What do the Okanagan and Whistler have in common, besides great food, great wine, great lifestyles and weirdly anachronistic mascots? (Ullr, the Norse god of snow, and Ogopogo, the O.K.'s lake serpent, could only have sprung from the same mythic stewpot.)
How about a million people, or at least 50 by the reckoning of Paul and Jane Burrows? Many of them - including Paul and Jane, if you count Salmon Arm as part of the Okanagan - were once an integral part of this cockeyed ski town, especially when it was starting up, but have since said bye-bye and hitched their stars or wagons or whatever it is they're riding to the winey, diney, pretty-good-ski-country of the O.K. corral.
It's like someone picks up Whistler and gives it a good shake once in a while and half of what tumbles out ends up in the Okanagan.
It all started with the original Norwegian crazy skier from way back, Dag Aabye. He first broke the mould by moving to Vernon. Then we have Gerry and Judy Fosty, also in Vernon, along with Inge and Jens Nielsen - Inge of the legendary Inge's Gift Shop, the first artsy shop in the village.
Nearby are Molly and Sandy Boyd, parents of super-skier, Rob Boyd, and Ingrid and Joseph Rozsa, mom and dad to another great Canadian ski phenomenon, Edith Rozsa.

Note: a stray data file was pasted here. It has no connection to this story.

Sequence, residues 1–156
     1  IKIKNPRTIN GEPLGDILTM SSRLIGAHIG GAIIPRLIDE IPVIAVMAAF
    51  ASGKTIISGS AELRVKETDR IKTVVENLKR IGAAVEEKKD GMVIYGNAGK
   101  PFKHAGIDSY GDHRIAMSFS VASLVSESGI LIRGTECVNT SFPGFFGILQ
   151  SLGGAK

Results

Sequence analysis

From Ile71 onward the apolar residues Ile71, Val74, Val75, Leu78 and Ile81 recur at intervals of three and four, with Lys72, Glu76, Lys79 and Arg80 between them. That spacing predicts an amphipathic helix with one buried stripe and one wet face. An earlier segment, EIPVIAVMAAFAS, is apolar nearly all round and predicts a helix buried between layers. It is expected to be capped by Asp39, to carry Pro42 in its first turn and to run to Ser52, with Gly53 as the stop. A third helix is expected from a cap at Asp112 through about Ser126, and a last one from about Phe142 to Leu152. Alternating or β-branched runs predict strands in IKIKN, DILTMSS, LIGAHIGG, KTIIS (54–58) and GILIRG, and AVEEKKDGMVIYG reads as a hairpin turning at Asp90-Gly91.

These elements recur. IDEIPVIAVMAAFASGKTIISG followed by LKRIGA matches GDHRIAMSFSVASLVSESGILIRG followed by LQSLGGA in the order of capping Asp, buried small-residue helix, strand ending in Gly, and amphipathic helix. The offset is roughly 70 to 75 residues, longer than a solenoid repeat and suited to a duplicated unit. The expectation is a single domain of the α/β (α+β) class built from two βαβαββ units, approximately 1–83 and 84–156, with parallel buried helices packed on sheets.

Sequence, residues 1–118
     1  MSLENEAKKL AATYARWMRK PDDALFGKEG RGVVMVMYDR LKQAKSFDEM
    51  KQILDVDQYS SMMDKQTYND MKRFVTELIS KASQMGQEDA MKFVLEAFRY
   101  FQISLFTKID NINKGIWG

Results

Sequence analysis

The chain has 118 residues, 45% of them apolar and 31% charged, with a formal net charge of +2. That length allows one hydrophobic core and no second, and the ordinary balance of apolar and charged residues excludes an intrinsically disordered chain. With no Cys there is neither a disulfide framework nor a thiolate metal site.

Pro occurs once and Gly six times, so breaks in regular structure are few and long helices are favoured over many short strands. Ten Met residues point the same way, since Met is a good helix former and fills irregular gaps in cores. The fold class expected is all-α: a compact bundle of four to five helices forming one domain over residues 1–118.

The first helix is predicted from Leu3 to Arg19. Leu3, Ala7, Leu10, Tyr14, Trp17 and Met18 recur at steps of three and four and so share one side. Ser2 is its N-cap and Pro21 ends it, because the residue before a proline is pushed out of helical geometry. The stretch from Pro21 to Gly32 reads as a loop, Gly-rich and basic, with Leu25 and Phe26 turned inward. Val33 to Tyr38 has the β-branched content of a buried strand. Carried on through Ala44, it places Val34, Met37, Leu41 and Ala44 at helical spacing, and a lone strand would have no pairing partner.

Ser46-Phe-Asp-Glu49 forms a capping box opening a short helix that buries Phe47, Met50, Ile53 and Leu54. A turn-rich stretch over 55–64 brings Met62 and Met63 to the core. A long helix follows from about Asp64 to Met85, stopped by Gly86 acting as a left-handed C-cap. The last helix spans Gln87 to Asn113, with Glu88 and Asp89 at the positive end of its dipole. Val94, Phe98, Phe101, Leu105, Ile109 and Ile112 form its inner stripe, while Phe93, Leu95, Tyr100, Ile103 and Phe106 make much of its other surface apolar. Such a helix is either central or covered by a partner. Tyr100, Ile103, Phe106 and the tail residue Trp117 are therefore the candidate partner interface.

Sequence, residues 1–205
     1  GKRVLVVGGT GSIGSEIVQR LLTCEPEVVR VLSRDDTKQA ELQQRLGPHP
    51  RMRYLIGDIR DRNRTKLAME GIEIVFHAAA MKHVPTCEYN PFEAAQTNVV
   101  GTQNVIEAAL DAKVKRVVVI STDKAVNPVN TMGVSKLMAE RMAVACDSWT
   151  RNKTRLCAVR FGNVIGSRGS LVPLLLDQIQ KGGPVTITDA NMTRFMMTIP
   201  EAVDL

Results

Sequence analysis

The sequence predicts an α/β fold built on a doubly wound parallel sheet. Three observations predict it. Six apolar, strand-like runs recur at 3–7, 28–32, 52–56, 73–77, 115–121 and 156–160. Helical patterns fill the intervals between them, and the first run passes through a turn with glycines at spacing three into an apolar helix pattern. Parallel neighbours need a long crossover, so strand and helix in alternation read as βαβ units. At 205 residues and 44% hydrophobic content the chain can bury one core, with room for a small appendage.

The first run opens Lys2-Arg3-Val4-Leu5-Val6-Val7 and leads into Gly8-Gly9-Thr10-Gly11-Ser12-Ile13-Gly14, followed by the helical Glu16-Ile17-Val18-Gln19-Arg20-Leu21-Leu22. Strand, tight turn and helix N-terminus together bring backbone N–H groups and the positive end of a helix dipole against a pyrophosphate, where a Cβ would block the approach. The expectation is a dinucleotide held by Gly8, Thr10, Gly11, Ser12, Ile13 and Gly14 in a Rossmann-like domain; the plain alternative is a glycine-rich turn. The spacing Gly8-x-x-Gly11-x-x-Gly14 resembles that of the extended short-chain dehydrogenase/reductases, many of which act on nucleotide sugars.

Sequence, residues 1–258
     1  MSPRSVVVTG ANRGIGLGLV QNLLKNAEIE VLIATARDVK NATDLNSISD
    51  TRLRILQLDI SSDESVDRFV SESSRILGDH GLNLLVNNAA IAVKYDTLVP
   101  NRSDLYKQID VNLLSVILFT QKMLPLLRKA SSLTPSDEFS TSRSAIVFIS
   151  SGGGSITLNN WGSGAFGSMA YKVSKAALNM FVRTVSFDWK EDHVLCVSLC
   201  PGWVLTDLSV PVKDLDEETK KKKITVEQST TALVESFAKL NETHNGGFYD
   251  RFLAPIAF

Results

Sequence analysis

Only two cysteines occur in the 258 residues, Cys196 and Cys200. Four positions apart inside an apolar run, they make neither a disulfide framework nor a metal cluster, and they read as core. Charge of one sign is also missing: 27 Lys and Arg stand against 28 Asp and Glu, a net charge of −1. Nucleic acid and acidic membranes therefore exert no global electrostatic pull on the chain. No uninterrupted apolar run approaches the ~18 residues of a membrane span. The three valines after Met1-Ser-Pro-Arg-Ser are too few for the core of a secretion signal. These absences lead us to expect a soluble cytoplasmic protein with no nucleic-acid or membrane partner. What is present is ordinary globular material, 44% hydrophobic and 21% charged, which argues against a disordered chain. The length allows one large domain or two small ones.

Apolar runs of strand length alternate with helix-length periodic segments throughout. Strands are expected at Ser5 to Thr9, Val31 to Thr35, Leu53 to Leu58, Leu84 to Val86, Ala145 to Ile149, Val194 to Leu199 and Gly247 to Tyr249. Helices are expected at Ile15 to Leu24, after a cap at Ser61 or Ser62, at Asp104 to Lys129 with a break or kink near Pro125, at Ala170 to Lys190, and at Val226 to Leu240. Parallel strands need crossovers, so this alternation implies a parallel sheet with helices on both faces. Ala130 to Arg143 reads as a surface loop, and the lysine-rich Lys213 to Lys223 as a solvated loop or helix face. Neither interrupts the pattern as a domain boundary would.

Down the road, Kelowna is now home to Dave and Stella Manuel, Dave of former Sea to Sky car sales/cell phone sales. Then we have to account for Doug and Marge Fox in beautiful downtown Summerland and, further south, Murray Coates with his pied-à-terre in Penticton, along with former high school principal, Bob Daly, who can now sleep in in sleepy Okanagan Falls.
Some, like Bernie "Chef Bernard" Casavant, and his wife, Bonnie, now operating the restaurant at Oliver's Burrowing Owl winery, have stuck by the sector by which they made their mark at Whistler. Others, like Ron "the Hoz" Hosner, Hoz's Pub Ron, Creekside Grill Ron of the larger-than-life persona, have kissed all that good-bye and simply settled into the O.K. good life.
Isn't that what you're supposed to do when you trade in a greener than green valley blanketed with forests for one lined with vineyards and orchards?
But just how green the Okanagan actually is, and will remain, remains a topic to digest.
On a quick touristy visit, perceptions are, at least at first glance, that the Okanagan is a sweet, paradisical slice plucked right from the middle of la dolce vita . All that gorgeous wine, all those wonderful restaurants...